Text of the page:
Pet Protection Agreements: Preparing for the Unexpected
Preparing for the unexpected is certainly something that should be on every pet owner’s radar. If you pass away, what will happen to your beloved pet(s)?
A survey conducted by the ASPCA found that only 17 percent of pet owners legally provide for their pets in their wills or in a pet trust. That’s one of the reasons the ASPCA has entered into a partnership with LegalZoom.com, which allows pet parents the peace of mind that their animals will be legally protected in such an event.
The memory of the smiling black and white pit bull still haunts me when I think of what could happen to our six-pack of rescue dogs if something happened to us. The dog, rescued from an abusive situation, found himself orphaned when his dog mom died of cancer. She did not have a pet trust in place and the family friend eventually tired of boarding the dog while trying to find him a suitable home. The dog was taken to a kill shelter. After a social media campaign, he was adopted for a second time, only to be suddenly euthanized by his new family for snapping at another dog in the household.
I love pitties and the photo, which seemed to show him smiling while playing in the snow with his late mom, stands out among literally the hundreds of rescues I’ve encountered in shelters, dogs and cats that are there because their owners died.
“We find this happens too often, someone takes the animal to a shelter after the owner dies and they don’t have a long life expectancy there,” says Kim Bressant-Kibwe, counsel, trust and estates and planned giving for the ASPCA. “It’s a shame to have a pet’s life end that way after they were a loyal companion animal for years.”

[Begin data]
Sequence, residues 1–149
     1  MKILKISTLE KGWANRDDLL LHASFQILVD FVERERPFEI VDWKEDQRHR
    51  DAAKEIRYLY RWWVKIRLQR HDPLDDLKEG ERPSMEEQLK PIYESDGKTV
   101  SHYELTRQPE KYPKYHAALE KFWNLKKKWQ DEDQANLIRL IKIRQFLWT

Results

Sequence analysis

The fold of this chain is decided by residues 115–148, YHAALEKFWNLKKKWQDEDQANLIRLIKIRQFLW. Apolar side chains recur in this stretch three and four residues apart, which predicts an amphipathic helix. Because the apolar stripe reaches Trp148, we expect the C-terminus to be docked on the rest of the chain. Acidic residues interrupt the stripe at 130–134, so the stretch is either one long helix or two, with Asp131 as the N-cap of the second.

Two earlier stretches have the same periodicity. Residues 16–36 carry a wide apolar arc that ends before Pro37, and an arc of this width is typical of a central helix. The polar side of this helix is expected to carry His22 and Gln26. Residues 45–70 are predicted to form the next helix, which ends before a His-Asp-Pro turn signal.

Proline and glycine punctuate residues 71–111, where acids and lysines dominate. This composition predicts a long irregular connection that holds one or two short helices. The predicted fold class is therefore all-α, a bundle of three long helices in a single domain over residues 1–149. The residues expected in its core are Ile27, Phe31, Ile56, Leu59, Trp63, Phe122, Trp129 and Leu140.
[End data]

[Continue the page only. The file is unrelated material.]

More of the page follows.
We don’t have biological children and the will we drew up many years ago is out of date since my mother passed away. In any event, it didn’t provide for our pets after our demise. I shudder, as I imagine it would be chaos as a tide of my husband’s surviving parents and siblings and nieces and nephews on both sides put a claim as heirs to our property. As our estate entered probate, I’m quite sure our dogs would end up in shelters.
“We cannot assume our relatives or friends would provide for our pets,” says Bressant-Kibwe. “As we saw, Leona Helmsley’s brother didn’t even want her dog.”
A couple of years ago, we asked a close family childhood friend if he would be an executor of a pet trust, which would require him to manage our property, hire a caregiver so our dogs could remain at home and eventually liquidate the remaining assets.
Once we saved up the anticipated $1,500 to formalize the agreement with our friend in the form of a pet trust, we found another obstacle. Although our state is one that allows pet trusts, we could not find an attorney who either knew anything about them or who was willing to bother with them. Bressant-Kibwe says that 46 states have legal pet trust laws in place, but she says it’s also not uncommon to have our experience and not either be able to afford the service, or find an attorney willing.
The Pet Protection Agreement on LegalZoom.com allows pet parents to provide for their pets not just in the case of their owner’s demise, but also if they are incapacitated, which is also very important. We have a friend who had a stroke and while he laid in a coma with a poor prognosis, his sister, not knowing what to do with his dogs, came in from out of town and had all three euthanized. He recovered and now, some 15 years later, still regrets not having a plan in place for the care of his dogs.
The pet agreement provides for the care all of your current and future pets, allows you to leave funds from your estate for your pets and nominates pet guardians or a shelter. Prices start at just $39 and go up to $79, which allows you to make unlimited changes for one year and provides for electronic storage of the document.
Bressant-Kibwe says this really is a very good option for pet parents and is legally binding. She also suggests that you visit this link at ASPCA to ensure you follow all of the steps necessary to provide for your pet.
Once you’ve asked a friend or relative, as we did, to act as your pet’s guardian, Bressant-Kibwe suggests that you also make sure that all of your estate planning documents, such as your last will and testament and your financial plans for your pet (such as funds from life insurance), are consistent.
“Don’t put all of your eggs in one basket with the pet protection plan,” says Bressant-Kibwe. “The pet protection agreement reinforces what’s in your will, make sure if you’re making duplicate arrangements, all of the documents and beneficiaries are consistent.”